Physical touch is fundamental to humans, and many other species. The current COVID-19 pandemic has put severe restrictions on touching, and it may have a long-term negative impact on our well-being.
Physical distancing and the widespread practice of non-touching has accompanied our response to preventing the spread of COVID-19. Beyond intimate relationships, even Platonic physical touch among friends virtually stopped. Hugs, high-fives, friendly pats on the back, shaking hands, kissing, and even sexual contact breached the physical distancing “rules ” recommended or even mandated by health professionals. People used to regular physical contact have altered their physical contact behaviors, including that at family gatherings, weddings, funerals and outdoor activities and church services. Some of that has slowly been reintroduced as the success of the COVID-19 vaccines took effect, but many people are still hesitant to resume physical contact.
It’s even more of a problem for COVID-19 patients, who are often put in isolation, separated from loved ones and devoid of physical contact with health care workers because of the requirement for Personal Protective Equipment.
Research has shown that positive human touch is an integral part of human interaction. “Human beings are wired to touch and be touched. When a child is born, that is how they bond with their mother — through touch,” said Asim Shah, M.D., professor and executive vice chair of the Menninger Department of Psychiatry at Baylor College of Medicine. “Our wiring system has touch everywhere, so it’s difficult for us not to think about physical contact.”
Around 1800, a creature was sighted running through the forests of Southern France. Once captured, scientists determined was a young boy aged 11, and had run wild in the forests for much of his childhood. One of the fathers of psychiatry in France at that time, Phillipe Pinel, observed the child — named “Victor” — and concluded, erroneously, that the Victor was of limited mental capacity. A French physician attending Victor, disagreed with Pinel, concluding that the child had merely been deprived of human physical touch, which had retarded his social and developmental capacities.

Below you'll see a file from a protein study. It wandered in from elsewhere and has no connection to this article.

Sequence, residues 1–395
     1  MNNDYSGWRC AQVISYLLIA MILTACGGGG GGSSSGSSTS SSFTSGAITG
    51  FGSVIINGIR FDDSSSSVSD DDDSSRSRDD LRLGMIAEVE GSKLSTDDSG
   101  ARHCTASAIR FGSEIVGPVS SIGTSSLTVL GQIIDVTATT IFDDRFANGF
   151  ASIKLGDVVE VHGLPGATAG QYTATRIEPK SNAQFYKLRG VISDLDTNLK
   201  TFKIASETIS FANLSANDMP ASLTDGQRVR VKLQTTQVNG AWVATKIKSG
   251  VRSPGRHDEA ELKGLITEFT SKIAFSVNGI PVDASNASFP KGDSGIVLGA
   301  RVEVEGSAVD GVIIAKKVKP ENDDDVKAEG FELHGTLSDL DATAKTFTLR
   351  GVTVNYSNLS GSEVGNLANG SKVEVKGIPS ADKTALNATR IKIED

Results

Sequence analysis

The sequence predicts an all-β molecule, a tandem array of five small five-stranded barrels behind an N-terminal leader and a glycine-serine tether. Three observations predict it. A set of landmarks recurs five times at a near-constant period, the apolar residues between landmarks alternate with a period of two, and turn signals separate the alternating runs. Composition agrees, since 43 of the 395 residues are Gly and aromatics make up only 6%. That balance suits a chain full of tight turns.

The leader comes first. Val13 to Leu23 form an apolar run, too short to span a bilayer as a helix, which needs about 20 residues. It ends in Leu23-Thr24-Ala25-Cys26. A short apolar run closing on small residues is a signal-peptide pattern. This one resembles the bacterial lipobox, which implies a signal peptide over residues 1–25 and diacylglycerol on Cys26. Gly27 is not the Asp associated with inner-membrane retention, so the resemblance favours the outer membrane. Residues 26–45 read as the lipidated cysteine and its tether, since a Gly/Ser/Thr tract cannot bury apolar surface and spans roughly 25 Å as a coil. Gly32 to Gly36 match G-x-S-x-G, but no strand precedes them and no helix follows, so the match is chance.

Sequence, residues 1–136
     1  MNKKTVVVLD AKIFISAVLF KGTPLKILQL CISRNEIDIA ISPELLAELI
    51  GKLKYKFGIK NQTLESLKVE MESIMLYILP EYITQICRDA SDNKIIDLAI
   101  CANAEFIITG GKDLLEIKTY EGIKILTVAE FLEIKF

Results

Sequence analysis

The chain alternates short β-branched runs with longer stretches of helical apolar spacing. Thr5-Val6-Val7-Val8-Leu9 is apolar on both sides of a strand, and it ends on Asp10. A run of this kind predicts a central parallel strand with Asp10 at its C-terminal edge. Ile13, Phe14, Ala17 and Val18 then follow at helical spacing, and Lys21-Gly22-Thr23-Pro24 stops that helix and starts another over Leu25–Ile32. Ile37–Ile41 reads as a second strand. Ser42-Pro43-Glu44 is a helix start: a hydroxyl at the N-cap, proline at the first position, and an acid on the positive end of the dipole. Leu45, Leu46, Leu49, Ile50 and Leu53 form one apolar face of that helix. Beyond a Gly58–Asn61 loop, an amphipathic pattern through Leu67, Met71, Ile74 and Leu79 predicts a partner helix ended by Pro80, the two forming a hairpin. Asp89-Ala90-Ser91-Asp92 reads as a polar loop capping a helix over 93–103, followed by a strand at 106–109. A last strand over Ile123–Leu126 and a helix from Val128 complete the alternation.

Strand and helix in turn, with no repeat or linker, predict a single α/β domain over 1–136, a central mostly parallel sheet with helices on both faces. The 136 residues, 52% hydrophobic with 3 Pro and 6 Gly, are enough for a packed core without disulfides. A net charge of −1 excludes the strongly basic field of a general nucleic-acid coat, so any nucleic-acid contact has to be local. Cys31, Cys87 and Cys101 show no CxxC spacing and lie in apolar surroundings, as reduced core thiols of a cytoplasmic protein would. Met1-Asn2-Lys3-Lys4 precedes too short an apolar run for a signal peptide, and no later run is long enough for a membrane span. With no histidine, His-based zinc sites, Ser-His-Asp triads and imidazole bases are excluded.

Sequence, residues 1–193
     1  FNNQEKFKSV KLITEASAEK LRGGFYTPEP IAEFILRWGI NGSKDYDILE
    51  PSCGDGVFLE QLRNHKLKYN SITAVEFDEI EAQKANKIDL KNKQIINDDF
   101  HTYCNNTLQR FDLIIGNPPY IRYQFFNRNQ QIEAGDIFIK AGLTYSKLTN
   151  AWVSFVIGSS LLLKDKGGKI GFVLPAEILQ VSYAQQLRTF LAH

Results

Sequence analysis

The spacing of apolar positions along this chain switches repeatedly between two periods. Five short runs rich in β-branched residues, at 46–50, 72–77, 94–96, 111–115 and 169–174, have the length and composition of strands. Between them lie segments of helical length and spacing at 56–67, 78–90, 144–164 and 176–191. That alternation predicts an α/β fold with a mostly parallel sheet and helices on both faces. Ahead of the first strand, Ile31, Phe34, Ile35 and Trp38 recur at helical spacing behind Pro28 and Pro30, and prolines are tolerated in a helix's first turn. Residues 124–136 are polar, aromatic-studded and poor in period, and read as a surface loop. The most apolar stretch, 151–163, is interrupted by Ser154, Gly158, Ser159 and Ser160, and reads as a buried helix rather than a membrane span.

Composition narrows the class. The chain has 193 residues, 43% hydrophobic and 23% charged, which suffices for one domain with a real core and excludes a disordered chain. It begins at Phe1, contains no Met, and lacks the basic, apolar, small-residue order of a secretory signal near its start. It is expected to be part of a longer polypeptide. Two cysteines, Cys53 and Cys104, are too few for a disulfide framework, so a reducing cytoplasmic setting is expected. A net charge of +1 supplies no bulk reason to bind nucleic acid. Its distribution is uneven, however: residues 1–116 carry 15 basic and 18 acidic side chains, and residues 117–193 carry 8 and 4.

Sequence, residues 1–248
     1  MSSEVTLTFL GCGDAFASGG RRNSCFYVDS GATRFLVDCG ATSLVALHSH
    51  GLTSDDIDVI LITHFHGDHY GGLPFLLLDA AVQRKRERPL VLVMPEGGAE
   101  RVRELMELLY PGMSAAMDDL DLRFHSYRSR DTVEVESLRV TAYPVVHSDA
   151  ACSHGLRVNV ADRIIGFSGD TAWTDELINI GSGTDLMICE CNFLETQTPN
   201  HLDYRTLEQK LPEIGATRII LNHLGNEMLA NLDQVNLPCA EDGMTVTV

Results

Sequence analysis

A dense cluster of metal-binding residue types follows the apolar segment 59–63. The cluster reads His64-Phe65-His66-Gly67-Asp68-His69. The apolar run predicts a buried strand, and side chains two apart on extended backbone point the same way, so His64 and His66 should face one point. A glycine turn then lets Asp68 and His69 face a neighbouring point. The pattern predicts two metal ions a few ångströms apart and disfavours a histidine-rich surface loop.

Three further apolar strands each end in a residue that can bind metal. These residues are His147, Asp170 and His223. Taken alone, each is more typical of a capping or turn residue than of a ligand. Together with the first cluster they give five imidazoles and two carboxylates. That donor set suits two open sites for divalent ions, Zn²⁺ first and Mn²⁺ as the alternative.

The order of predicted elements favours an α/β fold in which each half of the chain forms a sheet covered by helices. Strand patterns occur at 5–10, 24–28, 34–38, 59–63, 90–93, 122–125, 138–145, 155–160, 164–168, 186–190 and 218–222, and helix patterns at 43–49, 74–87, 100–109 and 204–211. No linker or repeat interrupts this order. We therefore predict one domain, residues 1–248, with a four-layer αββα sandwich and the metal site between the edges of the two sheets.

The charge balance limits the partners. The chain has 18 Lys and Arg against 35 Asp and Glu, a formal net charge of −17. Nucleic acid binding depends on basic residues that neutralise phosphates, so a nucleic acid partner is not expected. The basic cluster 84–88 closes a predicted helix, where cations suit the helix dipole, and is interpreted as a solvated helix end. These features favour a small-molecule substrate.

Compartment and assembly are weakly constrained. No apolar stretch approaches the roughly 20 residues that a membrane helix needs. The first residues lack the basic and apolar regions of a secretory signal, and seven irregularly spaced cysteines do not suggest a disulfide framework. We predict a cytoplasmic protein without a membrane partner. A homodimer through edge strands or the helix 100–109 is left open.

More than 200 years later, Romanian dictator Nicolae Ceausescu, the general secretary of the Romanian Communist Party from 1965 to 1989, and the second and last Communist leader of Romania, instituted a mandated program in which abortion and birth control were outlawed. He also demanded that all women bear at least five children in an effort to create a country of “worker bees” that would support the communist state. Invasive investigations of women were conducted at workplaces and elsewhere to track their individual progress in making babies. Ceausescu’s government arranged to raise the children whose parents were too poor or incapable of caring for them in a large number of orphanages. But many thought their babies would have a better life if given up — or that they had the option of collecting them later if they found the means to properly care for them.
At the age of three years the children were medically examined. Disabled and orphaned children were in huge numbers brought into orphanages or psychiatric hospitals, where they lived under inhumane conditions. Many children died within a few weeks because of disease or hunger.
After Ceausescu’s overthrow, the world was shocked to see severe underdevelopment, like the French boy Victor, in the orphans’ social skills and values. The commonality for all these orphans was a lack of human physical touch by adults, particularly of the loving, nurturing kind.
Fortunately Ceausescu’s brutal reign didn’t last, but the damage to large numbers of children and women had already taken place.
The lesson here was when physical contact becomes limited — or worse, eliminated — people can develop a condition called touch starvation or touch deprivation.
“When someone is [touch] starved, it’s like someone who is starved for food,” Shah said in a news release by the Texas Medical Center, “They want to eat, but they can’t. Their psyche and their body want to touch someone, but they can’t do it because of the fear associated with, in this case, the pandemic.”
Research studies have shown that touch starvation can trigger a cascade of negative physiological effects including stress, depression and anxiety. The body releases the hormone cortisol as a response to stress, activating the body’s “flight-or-fight” response. This can result in an increase heart rate, blood pressure, respiration and muscle tension. Touch starvation can also suppress the digestive system and immune system — increasing the risk of infection.